In re Lucero L.

22 Cal. 4th 1227, 96 Cal. Rptr. 2d 56 (2000)

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In re Lucero L.

California Supreme Court
22 Cal. 4th 1227, 96 Cal. Rptr. 2d 56 (2000)

Facts

Lucero L. was the daughter of Otilio L. (defendant) and Yolanda E. Lucero had three half-sisters who were Otilio’s stepdaughters. San Diego County (the county) (plaintiff) received a report that Otilio was sexually abusing Lucero, who was not quite three years old. Lucero, although her language abilities were limited because of her young age, indicated to a social worker with words and gestures that Otilio was sexually abusing her, which one of her half-sisters corroborated. The social worker prepared a social study, which was a written report prepared by a social worker and provided to all dependency-matter parties. The social study contained Lucero’s statements to the social worker. The county filed a dependency petition in juvenile court alleging that Otilio sexually abused Lucero, among other allegations. The court held a jurisdictional hearing to determine whether Lucero was a dependent child as a result of sex abuse and therefore under the jurisdiction of the court. Lucero was legally incompetent to testify, but the county introduced the social study containing Lucero’s statements. Otilio moved to exclude Lucero’s statements from evidence, arguing that the statements were hearsay. The rules of evidence contained a child-dependency hearsay exception (CDHE) that applied to statements that were (1) made by children under the age of 12 who were the subject of a jurisdictional hearing and (2) contained in a social study. The court found that the CDHE applied and admitted Lucero’s statements, finding that Lucero’s statements possessed sufficient indicia of reliability. Based solely on Lucero’s statements contained in the social study, the court found that Otilio sexually abused Lucero and that Lucero was within the court’s jurisdiction. Otilio and Yolanda appealed, arguing that the admission of Lucero’s statements violated Otilio’s due-process rights. The appellate court affirmed, and the California Supreme Court granted review.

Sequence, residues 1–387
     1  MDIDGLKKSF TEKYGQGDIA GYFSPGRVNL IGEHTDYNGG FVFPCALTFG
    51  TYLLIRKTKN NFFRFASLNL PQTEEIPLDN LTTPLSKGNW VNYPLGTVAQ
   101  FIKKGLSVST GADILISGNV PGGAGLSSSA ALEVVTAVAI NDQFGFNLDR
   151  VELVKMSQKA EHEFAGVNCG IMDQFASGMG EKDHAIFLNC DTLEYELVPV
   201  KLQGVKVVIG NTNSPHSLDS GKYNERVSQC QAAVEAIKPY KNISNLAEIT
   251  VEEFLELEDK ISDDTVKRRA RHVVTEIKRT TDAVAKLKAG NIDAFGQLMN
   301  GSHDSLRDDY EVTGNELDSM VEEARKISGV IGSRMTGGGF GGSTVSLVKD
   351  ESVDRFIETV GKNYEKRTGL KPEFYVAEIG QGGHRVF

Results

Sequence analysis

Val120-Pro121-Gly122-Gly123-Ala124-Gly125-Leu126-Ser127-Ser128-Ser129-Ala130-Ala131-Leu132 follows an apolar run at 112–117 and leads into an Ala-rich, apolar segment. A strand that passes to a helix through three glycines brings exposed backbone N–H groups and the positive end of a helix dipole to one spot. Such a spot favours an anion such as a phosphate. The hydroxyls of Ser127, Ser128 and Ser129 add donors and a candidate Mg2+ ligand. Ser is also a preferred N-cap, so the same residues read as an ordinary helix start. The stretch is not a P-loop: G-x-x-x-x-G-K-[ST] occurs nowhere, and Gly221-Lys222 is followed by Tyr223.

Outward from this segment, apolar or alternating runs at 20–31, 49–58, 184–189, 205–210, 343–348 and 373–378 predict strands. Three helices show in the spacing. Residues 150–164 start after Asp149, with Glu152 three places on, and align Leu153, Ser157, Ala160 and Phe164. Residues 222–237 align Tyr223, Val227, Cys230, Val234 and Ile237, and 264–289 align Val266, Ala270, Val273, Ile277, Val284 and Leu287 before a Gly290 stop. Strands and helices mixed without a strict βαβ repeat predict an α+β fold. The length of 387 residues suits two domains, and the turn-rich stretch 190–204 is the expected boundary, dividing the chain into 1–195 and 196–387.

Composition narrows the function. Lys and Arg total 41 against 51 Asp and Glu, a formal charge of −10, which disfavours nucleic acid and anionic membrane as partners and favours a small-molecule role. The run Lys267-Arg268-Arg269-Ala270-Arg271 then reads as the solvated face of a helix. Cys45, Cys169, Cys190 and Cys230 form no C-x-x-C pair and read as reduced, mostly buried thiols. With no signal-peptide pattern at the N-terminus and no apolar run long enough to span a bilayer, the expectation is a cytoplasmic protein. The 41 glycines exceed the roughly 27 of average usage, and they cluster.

Rule of Law

Issue

Holding and Reasoning (Mosk, J.)

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